Measure would provide a statutory framework to some elements of President Barack Obama's executive order on cybersecurity.
Sen. Jay Rockefeller (D-W.Va.) wants to add his cybersecurity legislation to the $625 billion defense authorization bill currently under consideration in the Senate.
The Senate recessed for the two-week Thanksgiving break without voting on the $625 billion defense authorization bill, and Sen. Jay Rockefeller (D-W.Va.) hopes to add his cybersecurity legislation to the measure when lawmakers return in December.
The senator said his bill, approved in July by the Commerce Committee that he chairs, has "been sitting on the sidelines for too long and there's too much at stake to not look for every opportunity to pass it in the Senate."
The measure would provide a legislative framework to some of the elements of President Barack Obama's 2013 executive order on cybersecurity. It would put the National Institute of Standards and Technology in charge of efforts to facilitate voluntary standards for protecting critical infrastructure and require the White House Office of Technology Policy and the National Science Foundation to conduct cybersecurity research and fund grant activities for workforce education.
"The Commerce Committee took action months ago and unanimously passed this bipartisan bill that will improve the nation's cybersecurity," Rockefeller said in a statement. Armed Services Committee chairman Sen. Carl Levin (D-Mich.) and Majority Leader Harry Reid (D-Nev.) have expressed support for the idea of adding the measure to the defense bill, but it is just one of more than 500 amendments the leaders are trying to winnow down to a manageable level before floor debate resumes Dec. 9.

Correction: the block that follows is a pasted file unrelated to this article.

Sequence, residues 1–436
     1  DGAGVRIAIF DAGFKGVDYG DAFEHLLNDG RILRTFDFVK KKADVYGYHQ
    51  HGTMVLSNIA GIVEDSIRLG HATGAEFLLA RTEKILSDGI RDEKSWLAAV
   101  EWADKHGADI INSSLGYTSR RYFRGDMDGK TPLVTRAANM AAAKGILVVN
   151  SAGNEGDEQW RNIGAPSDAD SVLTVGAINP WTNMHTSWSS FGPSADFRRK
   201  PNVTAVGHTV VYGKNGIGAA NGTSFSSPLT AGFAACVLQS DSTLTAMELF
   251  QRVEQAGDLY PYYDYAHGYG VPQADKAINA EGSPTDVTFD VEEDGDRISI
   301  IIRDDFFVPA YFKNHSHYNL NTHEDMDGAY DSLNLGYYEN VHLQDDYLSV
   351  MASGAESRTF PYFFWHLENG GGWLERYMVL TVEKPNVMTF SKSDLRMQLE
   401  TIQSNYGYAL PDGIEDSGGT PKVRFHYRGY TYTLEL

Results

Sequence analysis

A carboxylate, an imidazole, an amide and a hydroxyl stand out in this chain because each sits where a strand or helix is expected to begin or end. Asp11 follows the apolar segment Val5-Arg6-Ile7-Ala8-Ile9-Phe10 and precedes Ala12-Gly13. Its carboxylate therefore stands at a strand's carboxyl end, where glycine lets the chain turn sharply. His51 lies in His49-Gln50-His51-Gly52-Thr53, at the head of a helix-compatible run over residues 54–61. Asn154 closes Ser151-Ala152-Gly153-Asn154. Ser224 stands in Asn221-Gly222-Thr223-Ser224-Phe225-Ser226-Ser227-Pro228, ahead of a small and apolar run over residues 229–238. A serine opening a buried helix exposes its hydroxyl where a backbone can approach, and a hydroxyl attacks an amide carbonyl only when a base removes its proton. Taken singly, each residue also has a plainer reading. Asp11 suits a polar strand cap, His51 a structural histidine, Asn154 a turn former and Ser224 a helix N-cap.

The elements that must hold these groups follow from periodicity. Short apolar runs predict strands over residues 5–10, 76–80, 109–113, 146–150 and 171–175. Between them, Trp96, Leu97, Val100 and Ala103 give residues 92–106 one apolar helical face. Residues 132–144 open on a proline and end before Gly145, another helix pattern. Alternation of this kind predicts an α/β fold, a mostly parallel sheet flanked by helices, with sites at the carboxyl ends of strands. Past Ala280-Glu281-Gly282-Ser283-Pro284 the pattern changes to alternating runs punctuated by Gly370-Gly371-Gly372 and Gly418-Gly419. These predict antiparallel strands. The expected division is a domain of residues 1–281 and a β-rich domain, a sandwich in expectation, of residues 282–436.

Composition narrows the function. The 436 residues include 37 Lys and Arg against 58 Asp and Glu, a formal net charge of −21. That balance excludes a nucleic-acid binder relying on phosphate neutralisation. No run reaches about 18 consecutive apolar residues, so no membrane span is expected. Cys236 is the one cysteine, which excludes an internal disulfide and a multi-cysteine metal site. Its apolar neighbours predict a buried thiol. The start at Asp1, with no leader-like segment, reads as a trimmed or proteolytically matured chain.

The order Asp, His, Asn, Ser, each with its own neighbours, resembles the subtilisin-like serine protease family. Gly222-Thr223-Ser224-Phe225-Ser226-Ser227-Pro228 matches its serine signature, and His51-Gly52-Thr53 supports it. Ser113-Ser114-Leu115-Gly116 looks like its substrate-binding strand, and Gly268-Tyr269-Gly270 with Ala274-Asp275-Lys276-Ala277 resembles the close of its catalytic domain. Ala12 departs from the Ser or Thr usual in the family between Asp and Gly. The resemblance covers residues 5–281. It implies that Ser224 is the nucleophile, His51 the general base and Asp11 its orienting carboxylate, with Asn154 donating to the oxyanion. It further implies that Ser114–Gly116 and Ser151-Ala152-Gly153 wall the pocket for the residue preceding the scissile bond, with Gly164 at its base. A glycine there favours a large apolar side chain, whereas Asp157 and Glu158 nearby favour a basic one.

A number of proposals for federal IT reform are also included among the long list of amendments.
The slow pace of progress has Levin and his counterpart, House Armed Services Chairman Buck McKeon (R-Calif.), worried that the year could end without a defense bill in place for the first time in more than a half century.
"Time is running short to reach an agreement this year, but it has not yet run out. There are still pathways to passage for this vital bill. We urge the Senate to resume ... consideration as soon as they return from their Thanksgiving recess," McKeon said in a statement.
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